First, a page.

9.1.1. Media Content Delivery . . . . . . . . . . . . . . . 61 8.2. Industrial M2M Communication Today . . . . . . . . . . . 56
9.1.2. Online Gaming . . . . . . . . . . . . . . . . . . . . 61 8.2.1. Transport Parameters . . . . . . . . . . . . . . . . 56
9.1.3. Virtual Reality . . . . . . . . . . . . . . . . . . . 61 8.2.2. Stream Creation and Destruction . . . . . . . . . . . 57
9.2. Internet-Based Applications Today . . . . . . . . . . . . 62 8.3. Industrial M2M Future . . . . . . . . . . . . . . . . . . 57
9.3. Internet-Based Applications Future . . . . . . . . . . . 62 8.4. Industrial M2M Asks . . . . . . . . . . . . . . . . . . . 58
9.4. Internet-Based Applications Asks . . . . . . . . . . . . 62 9. Internet-based Applications . . . . . . . . . . . . . . . . . 58
10. Use Case Common Elements . . . . . . . . . . . . . . . . . . 62 9.1. Use Case Description . . . . . . . . . . . . . . . . . . 58
11. Acknowledgments . . . . . . . . . . . . . . . . . . . . . . . 63 9.1.1. Media Content Delivery . . . . . . . . . . . . . . . 58
11.1. Pro Audio . . . . . . . . . . . . . . . . . . . . . . . 63 9.1.2. Online Gaming . . . . . . . . . . . . . . . . . . . . 58
11.2. Utility Telecom . . . . . . . . . . . . . . . . . . . . 64 9.1.3. Virtual Reality . . . . . . . . . . . . . . . . . . . 58
11.3. Building Automation Systems . . . . . . . . . . . . . . 64 9.2. Internet-Based Applications Today . . . . . . . . . . . . 59
11.4. Wireless for Industrial . . . . . . . . . . . . . . . . 64 9.3. Internet-Based Applications Future . . . . . . . . . . . 59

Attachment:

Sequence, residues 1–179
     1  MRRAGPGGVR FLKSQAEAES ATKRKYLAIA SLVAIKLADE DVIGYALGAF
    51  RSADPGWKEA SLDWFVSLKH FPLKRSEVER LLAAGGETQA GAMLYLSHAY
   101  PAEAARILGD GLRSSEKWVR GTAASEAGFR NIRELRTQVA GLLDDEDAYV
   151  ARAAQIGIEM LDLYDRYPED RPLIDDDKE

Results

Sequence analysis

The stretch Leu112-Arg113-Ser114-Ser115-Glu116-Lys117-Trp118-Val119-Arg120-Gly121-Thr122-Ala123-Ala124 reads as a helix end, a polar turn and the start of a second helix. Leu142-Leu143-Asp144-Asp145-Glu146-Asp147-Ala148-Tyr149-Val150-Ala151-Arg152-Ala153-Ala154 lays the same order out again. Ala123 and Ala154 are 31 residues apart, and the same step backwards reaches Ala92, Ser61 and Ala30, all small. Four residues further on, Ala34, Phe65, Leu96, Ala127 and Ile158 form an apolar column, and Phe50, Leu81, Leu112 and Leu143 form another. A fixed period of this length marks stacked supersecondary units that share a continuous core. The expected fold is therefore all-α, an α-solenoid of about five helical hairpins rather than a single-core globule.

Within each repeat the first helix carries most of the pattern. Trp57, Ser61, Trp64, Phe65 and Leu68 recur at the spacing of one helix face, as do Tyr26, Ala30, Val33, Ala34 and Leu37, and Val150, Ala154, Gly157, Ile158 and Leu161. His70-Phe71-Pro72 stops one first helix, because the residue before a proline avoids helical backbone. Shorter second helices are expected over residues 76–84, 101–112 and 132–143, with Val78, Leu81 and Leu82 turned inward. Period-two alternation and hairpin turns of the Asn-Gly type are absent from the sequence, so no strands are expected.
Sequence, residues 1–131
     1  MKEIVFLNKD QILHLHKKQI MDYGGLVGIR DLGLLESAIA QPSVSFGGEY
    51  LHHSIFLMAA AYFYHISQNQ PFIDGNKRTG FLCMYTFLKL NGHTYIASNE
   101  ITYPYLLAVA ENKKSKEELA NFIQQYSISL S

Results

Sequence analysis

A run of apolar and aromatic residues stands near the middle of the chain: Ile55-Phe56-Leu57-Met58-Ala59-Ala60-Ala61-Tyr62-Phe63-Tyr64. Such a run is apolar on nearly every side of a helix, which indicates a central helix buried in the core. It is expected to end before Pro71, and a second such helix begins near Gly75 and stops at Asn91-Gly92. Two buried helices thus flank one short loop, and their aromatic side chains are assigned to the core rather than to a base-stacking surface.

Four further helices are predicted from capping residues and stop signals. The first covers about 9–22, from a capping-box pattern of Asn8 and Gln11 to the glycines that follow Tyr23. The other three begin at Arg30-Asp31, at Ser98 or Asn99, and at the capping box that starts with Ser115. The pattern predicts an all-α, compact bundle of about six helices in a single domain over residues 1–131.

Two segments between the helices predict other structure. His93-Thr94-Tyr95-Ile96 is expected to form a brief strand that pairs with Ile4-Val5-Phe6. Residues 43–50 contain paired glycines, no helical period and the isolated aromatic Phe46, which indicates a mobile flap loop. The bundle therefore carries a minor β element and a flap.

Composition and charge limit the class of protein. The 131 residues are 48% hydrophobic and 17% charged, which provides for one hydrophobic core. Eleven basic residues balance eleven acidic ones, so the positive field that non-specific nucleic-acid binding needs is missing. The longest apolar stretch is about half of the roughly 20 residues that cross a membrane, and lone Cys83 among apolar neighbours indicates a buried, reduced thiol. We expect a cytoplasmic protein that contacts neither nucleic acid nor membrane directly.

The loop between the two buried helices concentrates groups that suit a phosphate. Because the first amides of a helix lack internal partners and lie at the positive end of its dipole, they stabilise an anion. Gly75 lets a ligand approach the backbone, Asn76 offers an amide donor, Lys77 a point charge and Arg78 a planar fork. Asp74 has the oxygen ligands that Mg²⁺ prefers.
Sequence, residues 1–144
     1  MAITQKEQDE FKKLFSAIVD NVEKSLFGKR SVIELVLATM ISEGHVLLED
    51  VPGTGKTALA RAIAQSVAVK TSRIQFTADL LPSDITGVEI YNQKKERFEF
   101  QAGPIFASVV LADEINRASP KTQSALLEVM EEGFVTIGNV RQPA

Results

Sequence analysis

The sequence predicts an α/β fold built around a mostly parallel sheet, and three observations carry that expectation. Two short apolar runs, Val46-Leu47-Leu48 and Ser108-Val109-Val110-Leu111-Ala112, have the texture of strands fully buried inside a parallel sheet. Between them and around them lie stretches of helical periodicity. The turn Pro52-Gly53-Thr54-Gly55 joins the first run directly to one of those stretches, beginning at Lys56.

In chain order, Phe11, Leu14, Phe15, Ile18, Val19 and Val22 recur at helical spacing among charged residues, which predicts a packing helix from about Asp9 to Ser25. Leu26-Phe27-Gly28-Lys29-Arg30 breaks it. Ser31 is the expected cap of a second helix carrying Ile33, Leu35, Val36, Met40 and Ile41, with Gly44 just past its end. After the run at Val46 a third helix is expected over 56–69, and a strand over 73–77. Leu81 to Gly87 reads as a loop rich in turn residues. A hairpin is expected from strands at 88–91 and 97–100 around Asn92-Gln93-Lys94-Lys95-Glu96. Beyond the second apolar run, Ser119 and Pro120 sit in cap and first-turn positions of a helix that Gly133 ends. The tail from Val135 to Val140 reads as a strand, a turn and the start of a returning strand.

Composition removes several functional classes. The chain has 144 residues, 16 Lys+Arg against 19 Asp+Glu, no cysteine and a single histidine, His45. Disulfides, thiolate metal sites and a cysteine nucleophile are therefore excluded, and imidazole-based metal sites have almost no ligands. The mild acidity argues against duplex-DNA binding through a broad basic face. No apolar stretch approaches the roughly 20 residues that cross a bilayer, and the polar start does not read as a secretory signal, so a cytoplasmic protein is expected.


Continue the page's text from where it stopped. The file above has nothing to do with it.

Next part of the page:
11.5. Cellular Radio . . . . . . . . . . . . . . . . . . . . . 64 9.4. Internet-Based Applications Asks . . . . . . . . . . . . 59
11.6. Industrial M2M . . . . . . . . . . . . . . . . . . . . . 64 10. Use Case Common Elements . . . . . . . . . . . . . . . . . . 59
11.7. Internet Applications and CoMP . . . . . . . . . . . . . 64 11. Acknowledgments . . . . . . . . . . . . . . . . . . . . . . . 60
12. Informative References . . . . . . . . . . . . . . . . . . . 65 11.1. Pro Audio . . . . . . . . . . . . . . . . . . . . . . . 60
Authors' Addresses . . . . . . . . . . . . . . . . . . . . . . . 73 11.2. Utility Telecom . . . . . . . . . . . . . . . . . . . . 61
11.3. Building Automation Systems . . . . . . . . . . . . . . 61
11.4. Wireless for Industrial . . . . . . . . . . . . . . . . 61
11.5. Cellular Radio . . . . . . . . . . . . . . . . . . . . . 61
11.6. Industrial M2M . . . . . . . . . . . . . . . . . . . . . 61
11.7. Internet Applications and CoMP . . . . . . . . . . . . . 61
12. Informative References . . . . . . . . . . . . . . . . . . . 62